Thought about that for a minute, and wondered what would happen if someone who worked in the social care office where the Baby P case was being processed had a major falling out with their boss over it.

    Boss' hands are tied by bureaucracy, but this one case worker is absolutely adamant that the kid is obviously being mistreated by the parents, and is letting the boss know that s/he's a spineless **** for not doing anything about it because a kids' life is at risk and the boss needs to sort their ****ing moral compass out. Y'know, the standard letting off steam kinda rant fuelled by justified moral righteousness and indignation at inaction.

    Sadly, despite being right, that person would most likely not have a job by the end of the day. Why? Because it goes back to the first paragraph of your post: people trying to preserve their own lives. In this case, it's the boss trying to make sure that they keep their paychecks for their cushty office job coming in on time. Can't have mutiny, even if the opponent is correct. Would be bad for business. So you weed out the bad apples, and keep all the yes-men. "Don't worry guys, we're doing all we can. Ignore Dave, he's had a rough day". Etc.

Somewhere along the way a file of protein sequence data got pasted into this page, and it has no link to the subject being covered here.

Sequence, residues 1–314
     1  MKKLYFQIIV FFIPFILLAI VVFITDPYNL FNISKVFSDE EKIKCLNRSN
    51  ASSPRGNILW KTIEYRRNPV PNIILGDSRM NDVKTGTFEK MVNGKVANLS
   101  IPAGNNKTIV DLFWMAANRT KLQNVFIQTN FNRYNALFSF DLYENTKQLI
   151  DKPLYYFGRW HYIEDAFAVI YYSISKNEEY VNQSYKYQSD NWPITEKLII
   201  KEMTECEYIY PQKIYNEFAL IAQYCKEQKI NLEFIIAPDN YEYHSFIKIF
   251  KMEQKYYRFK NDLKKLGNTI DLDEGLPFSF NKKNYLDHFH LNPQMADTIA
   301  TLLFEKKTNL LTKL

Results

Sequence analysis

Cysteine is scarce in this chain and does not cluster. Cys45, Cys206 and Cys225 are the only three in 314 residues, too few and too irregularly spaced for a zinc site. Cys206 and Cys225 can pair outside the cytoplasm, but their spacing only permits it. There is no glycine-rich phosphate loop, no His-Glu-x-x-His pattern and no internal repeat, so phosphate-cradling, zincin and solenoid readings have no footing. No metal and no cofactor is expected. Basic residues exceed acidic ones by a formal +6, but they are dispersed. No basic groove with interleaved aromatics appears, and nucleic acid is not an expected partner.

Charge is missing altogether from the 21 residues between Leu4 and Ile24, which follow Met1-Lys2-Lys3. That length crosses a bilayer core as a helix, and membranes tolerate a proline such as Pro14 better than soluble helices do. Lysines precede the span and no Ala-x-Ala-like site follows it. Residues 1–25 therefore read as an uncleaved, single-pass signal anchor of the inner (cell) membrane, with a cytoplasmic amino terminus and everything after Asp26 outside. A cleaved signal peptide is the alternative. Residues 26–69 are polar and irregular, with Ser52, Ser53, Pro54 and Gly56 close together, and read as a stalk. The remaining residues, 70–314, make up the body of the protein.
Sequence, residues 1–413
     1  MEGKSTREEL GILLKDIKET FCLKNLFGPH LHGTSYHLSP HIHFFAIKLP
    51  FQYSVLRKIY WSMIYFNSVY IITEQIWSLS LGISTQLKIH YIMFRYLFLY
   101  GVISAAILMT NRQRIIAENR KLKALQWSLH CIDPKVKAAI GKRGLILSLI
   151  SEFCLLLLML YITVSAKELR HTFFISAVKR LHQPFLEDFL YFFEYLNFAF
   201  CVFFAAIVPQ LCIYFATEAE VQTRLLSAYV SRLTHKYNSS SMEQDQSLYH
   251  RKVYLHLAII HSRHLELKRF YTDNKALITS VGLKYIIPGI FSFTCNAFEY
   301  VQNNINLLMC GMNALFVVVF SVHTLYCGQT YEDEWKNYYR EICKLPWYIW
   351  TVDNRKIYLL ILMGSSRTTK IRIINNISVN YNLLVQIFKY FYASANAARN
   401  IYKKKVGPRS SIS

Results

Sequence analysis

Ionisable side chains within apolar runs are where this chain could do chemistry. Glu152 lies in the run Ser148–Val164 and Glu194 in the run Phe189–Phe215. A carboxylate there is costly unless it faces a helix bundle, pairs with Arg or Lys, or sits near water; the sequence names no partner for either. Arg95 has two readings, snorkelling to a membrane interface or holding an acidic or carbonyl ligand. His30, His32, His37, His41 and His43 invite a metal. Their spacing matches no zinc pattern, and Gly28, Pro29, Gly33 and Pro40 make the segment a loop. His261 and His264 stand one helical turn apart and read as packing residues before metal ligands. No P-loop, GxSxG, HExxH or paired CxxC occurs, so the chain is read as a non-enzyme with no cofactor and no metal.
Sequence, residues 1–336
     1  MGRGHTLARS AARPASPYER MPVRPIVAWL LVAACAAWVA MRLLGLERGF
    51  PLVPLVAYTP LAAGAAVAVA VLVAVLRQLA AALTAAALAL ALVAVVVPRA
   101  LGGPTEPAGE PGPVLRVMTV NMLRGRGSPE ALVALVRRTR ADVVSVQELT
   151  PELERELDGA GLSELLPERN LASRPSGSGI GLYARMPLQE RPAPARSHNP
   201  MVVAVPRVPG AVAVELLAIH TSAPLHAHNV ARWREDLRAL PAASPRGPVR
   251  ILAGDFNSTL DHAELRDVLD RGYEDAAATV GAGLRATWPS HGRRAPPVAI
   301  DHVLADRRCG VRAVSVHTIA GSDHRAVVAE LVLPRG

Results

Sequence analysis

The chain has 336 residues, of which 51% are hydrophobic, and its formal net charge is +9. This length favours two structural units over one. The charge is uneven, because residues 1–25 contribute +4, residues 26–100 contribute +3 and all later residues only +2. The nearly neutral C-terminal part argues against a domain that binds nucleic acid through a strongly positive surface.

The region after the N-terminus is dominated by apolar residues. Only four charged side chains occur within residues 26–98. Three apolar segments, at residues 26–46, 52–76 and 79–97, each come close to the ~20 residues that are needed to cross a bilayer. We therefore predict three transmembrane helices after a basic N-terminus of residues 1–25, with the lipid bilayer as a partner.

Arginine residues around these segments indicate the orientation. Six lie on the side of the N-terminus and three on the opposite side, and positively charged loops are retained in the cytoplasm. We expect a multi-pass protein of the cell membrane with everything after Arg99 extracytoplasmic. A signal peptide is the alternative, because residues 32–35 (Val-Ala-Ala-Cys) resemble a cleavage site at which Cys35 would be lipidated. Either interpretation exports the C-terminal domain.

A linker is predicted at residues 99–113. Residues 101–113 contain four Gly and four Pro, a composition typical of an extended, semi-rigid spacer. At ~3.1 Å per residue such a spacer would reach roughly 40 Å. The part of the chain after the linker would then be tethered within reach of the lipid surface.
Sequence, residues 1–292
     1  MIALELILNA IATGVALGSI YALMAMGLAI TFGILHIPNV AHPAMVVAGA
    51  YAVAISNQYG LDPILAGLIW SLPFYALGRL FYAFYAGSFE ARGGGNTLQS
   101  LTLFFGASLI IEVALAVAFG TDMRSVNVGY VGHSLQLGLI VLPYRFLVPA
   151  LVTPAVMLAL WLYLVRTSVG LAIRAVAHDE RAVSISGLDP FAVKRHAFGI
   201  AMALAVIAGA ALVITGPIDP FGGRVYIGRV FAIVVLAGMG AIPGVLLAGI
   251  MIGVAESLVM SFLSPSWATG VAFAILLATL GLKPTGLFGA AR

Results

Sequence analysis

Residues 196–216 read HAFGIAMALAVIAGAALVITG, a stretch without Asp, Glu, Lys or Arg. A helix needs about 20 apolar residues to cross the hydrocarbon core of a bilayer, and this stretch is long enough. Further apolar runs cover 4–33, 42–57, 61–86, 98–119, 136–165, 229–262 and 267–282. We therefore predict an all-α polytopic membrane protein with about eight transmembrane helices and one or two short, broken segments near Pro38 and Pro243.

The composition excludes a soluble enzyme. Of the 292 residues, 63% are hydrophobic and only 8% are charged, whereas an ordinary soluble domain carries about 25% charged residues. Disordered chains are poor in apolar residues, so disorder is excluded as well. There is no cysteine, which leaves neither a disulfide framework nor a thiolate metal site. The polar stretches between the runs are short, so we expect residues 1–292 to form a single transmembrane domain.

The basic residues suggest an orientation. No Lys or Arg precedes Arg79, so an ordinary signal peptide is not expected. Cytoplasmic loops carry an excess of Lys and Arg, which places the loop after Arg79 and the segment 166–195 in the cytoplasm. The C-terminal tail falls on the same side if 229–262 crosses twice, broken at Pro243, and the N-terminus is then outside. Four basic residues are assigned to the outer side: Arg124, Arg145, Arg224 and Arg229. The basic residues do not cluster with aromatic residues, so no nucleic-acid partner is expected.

I'm just typing as thoughts come into my head, so apologies if it's a bit of a mess.

    So what could the riled up case-worker do instead? Probably go online to social media and post about what's going on, but then they might lose their job for going behind their boss' back anyway. It'd be a lot more fun to tell their boss to **** off to their face, so posting online is out of the window (I mean, if you're going to lose your job over something then you may as well go out in a blaze of glory).

    Could do both. The first for personal satisfaction, the second for public awareness. But then, that runs the risk of getting the police involved, and the family of Baby P being made aware of what's happening before someone comes to take the kid away.

    Unfortunately (RE: bureaucracy) there's sometimes a limited amount people can do to help others due to the restrictions we've put on ourselves via our working system, and that really sucks. But yeah I totally agree with you, more needs to be done to alleviate those restrictions for the good of morality and humanity in general.